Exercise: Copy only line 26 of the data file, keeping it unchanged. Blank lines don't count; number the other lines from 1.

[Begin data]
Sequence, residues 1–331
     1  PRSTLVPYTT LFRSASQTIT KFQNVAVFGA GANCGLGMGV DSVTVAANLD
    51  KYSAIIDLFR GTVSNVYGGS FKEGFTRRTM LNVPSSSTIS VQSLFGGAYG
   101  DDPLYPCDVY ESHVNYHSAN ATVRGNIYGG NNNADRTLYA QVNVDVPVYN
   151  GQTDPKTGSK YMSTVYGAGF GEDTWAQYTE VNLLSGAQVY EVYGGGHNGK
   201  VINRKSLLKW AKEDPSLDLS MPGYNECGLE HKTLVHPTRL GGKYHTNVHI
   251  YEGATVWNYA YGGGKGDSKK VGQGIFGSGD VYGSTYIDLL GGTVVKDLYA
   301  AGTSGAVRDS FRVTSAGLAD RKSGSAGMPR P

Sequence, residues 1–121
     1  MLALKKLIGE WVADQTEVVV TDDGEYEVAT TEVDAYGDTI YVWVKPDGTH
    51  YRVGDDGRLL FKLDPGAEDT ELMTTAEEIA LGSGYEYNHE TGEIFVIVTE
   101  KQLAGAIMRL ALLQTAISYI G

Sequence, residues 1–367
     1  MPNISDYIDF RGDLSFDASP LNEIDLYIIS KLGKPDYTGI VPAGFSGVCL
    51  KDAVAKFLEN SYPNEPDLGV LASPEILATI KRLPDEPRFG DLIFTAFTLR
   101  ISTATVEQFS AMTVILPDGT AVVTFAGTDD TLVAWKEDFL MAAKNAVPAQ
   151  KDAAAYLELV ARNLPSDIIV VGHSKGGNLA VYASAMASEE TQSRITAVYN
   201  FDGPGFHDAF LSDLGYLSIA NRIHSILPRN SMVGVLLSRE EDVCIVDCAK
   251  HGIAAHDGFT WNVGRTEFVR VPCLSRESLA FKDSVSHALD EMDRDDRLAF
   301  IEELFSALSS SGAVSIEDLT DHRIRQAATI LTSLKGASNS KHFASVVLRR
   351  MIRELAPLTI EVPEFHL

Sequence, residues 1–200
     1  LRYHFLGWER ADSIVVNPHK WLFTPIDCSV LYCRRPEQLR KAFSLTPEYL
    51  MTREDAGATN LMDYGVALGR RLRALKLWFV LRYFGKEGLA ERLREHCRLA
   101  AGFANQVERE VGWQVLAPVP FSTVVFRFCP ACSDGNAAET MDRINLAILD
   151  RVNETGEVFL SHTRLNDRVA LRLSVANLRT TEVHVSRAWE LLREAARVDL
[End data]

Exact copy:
   151  RVNETGEVFL SHTRLNDRVA LRLSVANLRT TEVHVSRAWE LLREAARVDL